Restaurants and other leisure outlets showed great resilience during the pandemic (pic: Terry Murden)
Controlling inflation by curbing spending must not cause further damage to the hard-pressed hospitality sector, says KATIE CORRIGAN
With a gloomy economic outlook for Autumn due to interest rate rises biting deeper into household budgets, inflation forecasted to hit 11% and further hikes in energy prices, is the prospect any brighter for summer? The immediate answer might appear to be “no” given train strikes, and staff shortages in many sectors including travel and hospitality.
And for anyone looking for escapism somewhere abroad the operational issues affecting the aviation sector are further cause for anxiety. Just as we experience an easing of the Covid restrictions which have blighted air travel over the past couple of years, the sector finds itself unable to gear up to meet current demand.
Consequently, choosing to fly abroad for a holiday this summer feels more like a stress-test exercise for your organisational skills, mental health and credit card, than a simple matter of a relaxing break under a sunny sky.
The pandemic, of course, forced many of us to holiday at home, which has had its own reward for our domestic tourism sector; and recently published data suggests record numbers will holiday at home again this year, which will provide a welcome economic bright spot this summer.
Hospitality is a sector that showed much resilience during the pandemic, and which has had to adapt and innovate in order to continue to attract guests whilst making them feel both Covid safe, and welcome. It is a sector now facing the same cost pressures as consumers, in addition to severe labour shortages exacerbated by Brexit, the capriciousness of the “book now cancel later” culture, and the “great resignation” which is affecting all sectors.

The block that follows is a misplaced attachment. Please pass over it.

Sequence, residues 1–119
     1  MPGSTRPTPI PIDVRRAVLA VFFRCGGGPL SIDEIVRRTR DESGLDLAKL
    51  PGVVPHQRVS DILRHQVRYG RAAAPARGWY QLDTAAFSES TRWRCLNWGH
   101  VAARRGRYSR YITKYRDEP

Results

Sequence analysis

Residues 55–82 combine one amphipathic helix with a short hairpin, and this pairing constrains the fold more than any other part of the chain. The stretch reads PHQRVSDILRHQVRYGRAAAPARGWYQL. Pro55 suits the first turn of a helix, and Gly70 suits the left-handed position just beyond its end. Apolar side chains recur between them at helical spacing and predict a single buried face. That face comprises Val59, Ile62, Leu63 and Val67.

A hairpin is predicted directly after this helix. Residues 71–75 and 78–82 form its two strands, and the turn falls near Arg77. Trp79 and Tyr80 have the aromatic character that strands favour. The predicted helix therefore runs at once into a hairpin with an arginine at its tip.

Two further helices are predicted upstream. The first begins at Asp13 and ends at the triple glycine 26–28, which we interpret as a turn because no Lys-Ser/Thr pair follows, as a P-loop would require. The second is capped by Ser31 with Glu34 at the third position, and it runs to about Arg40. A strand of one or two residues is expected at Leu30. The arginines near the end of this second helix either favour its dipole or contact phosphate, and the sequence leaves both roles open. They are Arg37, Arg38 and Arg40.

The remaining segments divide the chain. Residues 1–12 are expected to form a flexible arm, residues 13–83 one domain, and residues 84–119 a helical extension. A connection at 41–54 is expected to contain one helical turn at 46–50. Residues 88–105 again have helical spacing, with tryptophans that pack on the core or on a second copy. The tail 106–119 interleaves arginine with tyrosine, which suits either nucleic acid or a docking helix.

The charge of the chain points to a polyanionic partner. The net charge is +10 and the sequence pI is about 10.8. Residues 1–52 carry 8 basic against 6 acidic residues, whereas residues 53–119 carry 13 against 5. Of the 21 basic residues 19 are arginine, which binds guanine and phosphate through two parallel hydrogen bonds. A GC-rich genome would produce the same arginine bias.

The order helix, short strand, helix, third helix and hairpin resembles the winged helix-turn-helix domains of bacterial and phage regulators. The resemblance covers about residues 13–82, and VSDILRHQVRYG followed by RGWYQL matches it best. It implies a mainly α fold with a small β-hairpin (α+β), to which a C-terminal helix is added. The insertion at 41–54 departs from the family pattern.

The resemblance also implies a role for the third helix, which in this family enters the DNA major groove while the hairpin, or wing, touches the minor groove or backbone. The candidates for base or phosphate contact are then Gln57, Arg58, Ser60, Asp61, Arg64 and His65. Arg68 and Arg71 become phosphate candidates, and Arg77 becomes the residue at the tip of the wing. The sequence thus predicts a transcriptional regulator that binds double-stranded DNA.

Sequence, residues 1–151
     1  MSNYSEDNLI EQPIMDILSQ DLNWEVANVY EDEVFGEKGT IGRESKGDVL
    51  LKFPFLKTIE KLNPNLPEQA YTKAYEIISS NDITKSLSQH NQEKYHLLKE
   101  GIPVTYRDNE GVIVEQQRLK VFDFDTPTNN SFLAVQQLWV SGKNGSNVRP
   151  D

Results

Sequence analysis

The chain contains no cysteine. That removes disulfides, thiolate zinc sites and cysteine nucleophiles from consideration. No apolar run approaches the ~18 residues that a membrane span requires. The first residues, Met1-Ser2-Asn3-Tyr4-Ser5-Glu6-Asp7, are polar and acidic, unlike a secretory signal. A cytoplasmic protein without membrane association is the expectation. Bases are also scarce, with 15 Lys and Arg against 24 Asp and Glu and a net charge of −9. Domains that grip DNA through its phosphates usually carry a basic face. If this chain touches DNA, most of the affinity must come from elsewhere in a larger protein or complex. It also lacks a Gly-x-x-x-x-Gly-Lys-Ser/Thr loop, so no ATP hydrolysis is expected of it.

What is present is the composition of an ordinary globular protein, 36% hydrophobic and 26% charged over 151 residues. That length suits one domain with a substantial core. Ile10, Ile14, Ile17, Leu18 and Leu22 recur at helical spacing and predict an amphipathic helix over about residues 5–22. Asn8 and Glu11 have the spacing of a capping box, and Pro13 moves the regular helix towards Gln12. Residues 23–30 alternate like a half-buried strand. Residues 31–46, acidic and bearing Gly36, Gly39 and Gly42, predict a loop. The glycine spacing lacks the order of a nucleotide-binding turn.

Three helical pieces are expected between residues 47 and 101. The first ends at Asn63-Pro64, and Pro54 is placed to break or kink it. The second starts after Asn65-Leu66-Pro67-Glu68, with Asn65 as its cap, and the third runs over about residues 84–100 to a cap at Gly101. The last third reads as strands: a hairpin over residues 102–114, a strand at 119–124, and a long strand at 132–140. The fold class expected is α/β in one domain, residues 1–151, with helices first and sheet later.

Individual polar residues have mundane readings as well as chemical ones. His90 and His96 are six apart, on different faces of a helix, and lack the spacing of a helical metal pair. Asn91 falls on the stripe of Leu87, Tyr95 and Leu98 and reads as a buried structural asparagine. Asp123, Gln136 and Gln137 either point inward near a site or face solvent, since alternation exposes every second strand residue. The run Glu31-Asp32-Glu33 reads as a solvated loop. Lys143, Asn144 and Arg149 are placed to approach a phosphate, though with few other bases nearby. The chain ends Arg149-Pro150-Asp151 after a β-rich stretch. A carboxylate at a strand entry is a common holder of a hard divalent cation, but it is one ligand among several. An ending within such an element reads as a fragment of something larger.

As a commercial property lawyer with clients in the hospitality and leisure industry (and as a big fan of a summer staycation), it is important to me, and many others too, that this sector prospers. I have been privileged to work with hospitality clients who emerged from lockdown in 2021 with renewed vigour to execute their delayed plans and invest in their properties, staff and local economies.
Highland Coast Hotels which has created a collection of unique four-star hotels located around the route of the North Coast 500, had plans delayed by a year due to Covid-19. But despite the challenges presented by the pandemic closures, the underlying premise for the business remained clear, and with domestic travel restrictions easing first, the appetite for a high quality, authentic hospitality experience (and the desire amongst customers to interact with real people) only increased.
The company has a key focus on sustainability at every stage of its business, from supporting local producers, wherever possible, through to the provision of employment opportunities within the local community and implementation of the Scottish living wage. It is an example of the best of hospitality and business practice.
Another valued client, the TBC pub company, took over the Crusoe Hotel at Lower Largo in the Spring of 2021. The historic local landmark had been placed into administration but is now back at the heart of its Fife community with seven of its bedrooms currently renovated and providing a great harbour side setting and sea views for locals, day trippers and those staying over.
There are, of course, further challenges ahead for the leisure sector, with increasing operational costs, competition for staff, and data from the Scottish Tourism Alliance suggesting that the cost-of-living crisis is hitting the domestic tourism sector hard.
By raising interest rates the Bank of England may be trying to encourage a more prudent approach to consumer spending, but there is a balance that needs to be struck if we are to support our domestic hospitality and tourism market, which is so important to the Scottish economy.
For each of us it’s a matter of choice about how we spend our hard-earned money and while many, myself included, will have done so on the likes of Netflix and Disney during long periods of isolation from the rest of the world, it is to be hoped, and it is certainly my intention, to spend more time and money supporting the local hospitality sector, whatever the economic clouds.
Katie Corrigan is a senior legal director and head of real estate at Edinburgh-based legal services business, Vialex